Bike Carrier Mistakes

Bike carriers have revolutionised the way cycling enthusiasts travel, giving independence from public transport and freedom to travel further afield. Being able to carry your own bikes on the back of your car, van or even caravan has made cycling holidays and cycle group trips all the more enjoyable, whether you’re a road cyclist off to a weekend sportive or a mountain biker going to a dedicated MTB track.

Though they appear simple to use, and indeed many are, the fact is that not all bike carriers are suited to all vehicles. And not all carriers are suited to all bikes. Choosing a bike carrier is more than just fitting the mechanism itself, or learning to load and unload it safely. Even the more experienced among us can fall foul of the basic errors, because we’re rightly focussed on the vehicle and the bicycle, perhaps missing the bigger picture.

So these are the most common mistakes when it comes to choosing the right bike carrier.

  1. Blocking Boot Access, Obscuring Lights & Car Registration Plate
  2. Not Considering Your Driving Route
  3. Aerodynamics and Fuel Efficiency
  4. Load Appropriate Carriers
  5. Towbar Installation

1. Blocking Boot Access, Obscuring Lights & Car Registration Plate

Rear-mounted bike carriers are some of the most popular designs and they’re often recommended for a first carrier purchase. That’s due mainly to how easy they are to fit as well a simple cost-effectiveness. Despite their simplicity, rear-mounted carriers are the biggest culprits when it comes to blocking access to the boot of your car and obscuring lights.

Boot access may be something you don’t always worry about but each journey is different and a particularly long trip with luggage could see you repeatedly taking the carrier off and on, which isn’t good for you or the car. A simple workaround is to invest in a towbar mounted or roof mounted bike rack. Some higher spec models will even come with tilting boot access and integrated lighting boards that work even when bikes are fitted, which is the ultimate workaround for obscured lights. But a more cost-effective option is simply to load the boot so it can be accessed from the back seat doors, and test lights against a reflective surface like store windows to see how the bikes affect it.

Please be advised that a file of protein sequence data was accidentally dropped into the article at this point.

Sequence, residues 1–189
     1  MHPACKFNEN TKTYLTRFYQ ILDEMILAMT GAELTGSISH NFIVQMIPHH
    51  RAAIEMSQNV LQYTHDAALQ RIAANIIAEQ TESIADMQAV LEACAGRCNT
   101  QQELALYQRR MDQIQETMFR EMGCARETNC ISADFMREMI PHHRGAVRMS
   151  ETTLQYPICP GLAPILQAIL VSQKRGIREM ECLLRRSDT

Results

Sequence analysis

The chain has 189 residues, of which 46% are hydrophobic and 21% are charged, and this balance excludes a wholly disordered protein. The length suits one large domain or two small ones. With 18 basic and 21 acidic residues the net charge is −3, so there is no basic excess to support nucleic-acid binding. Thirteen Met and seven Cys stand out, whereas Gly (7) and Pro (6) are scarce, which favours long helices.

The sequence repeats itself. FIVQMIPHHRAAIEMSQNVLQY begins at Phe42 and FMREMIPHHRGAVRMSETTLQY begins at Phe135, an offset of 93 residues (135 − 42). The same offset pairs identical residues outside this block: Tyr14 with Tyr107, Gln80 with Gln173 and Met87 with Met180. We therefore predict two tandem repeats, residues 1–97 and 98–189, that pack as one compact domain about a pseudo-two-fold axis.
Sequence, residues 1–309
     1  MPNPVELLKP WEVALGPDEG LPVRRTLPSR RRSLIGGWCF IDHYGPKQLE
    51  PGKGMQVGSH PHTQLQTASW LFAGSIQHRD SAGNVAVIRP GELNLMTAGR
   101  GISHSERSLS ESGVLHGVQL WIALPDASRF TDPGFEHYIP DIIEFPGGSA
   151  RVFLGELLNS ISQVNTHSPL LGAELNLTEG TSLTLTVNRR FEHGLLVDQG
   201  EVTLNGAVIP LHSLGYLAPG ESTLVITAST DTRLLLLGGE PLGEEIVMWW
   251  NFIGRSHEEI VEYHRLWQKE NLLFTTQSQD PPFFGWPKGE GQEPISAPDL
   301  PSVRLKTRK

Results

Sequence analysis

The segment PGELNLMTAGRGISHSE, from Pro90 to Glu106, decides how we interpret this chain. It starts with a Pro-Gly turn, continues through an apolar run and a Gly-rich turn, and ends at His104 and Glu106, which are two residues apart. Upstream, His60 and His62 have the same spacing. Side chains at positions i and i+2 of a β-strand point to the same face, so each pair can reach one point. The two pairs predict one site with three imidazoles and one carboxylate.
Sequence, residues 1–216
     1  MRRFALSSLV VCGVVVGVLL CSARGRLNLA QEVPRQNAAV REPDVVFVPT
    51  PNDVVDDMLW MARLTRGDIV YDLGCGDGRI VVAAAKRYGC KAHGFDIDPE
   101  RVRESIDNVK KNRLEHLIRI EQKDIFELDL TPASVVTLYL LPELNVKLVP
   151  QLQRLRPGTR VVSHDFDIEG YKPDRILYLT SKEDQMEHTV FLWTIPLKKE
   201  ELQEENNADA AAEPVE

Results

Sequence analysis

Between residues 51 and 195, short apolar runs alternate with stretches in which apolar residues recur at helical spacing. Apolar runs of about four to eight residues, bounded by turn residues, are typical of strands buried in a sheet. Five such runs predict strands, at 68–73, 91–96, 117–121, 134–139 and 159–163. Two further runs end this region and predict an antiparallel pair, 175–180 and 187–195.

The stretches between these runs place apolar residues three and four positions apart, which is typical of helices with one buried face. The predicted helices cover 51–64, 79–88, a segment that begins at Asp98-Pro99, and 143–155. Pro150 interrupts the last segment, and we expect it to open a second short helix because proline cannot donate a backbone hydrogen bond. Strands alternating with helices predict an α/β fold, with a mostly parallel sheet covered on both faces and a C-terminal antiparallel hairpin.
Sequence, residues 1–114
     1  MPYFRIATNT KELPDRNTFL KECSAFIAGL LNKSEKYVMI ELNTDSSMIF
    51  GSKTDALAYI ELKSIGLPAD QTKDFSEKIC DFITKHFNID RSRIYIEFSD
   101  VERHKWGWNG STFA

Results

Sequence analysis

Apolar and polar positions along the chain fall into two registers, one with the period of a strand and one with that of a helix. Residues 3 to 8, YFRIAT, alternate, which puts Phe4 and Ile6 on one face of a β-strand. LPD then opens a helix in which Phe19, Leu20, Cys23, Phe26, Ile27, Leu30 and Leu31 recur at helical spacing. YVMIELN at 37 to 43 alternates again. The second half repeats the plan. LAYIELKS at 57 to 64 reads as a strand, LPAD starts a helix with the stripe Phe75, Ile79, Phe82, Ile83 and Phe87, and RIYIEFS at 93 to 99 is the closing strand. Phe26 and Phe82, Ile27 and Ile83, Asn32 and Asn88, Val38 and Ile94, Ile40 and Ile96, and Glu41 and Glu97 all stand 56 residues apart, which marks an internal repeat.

2. Not Considering Your Driving Route

One of the joys of driving throughout the UK and indeed Europe, is the myriad of winding country roads, the idyllic stone bridges and the twists and turns of a quirky landscape that has evolved over centuries. However, this advantage can very quickly become a disadvantage if you’re carrying a roof rack bike carrier and you find yourself stuck at a tunnel too low for your vehicle height.

This is where planning each route is really important, no matter how confident we become with our cycling, or our bike transportation, it can be hard to foresee all issues but most can be offset before you even mount the bikes and set off on your journey. All it takes is a simple Google map search as well as some research on your destination from the local council websites or cycling club forums.

3. Aerodynamics and Fuel Efficiency

Carrying extra passengers or luggage in general is well known to take it’s additional share of fuel when driving, so it should come as no surprise to learn that bike carriers do have an effect on fuel consumption. There isn’t a lot that can be done, given that the majority of aerodynamic design concentrates on the roof and rear of cars – the two places we’re most likely to put a cycle rack. However, there are differences in the height of carriers, especially those that are towbar fitted, so it might be worthwhile trying to get one that sits lower in the air stream if you do a lot of miles at high speeds and find the fuel efficiency is negatively impacted.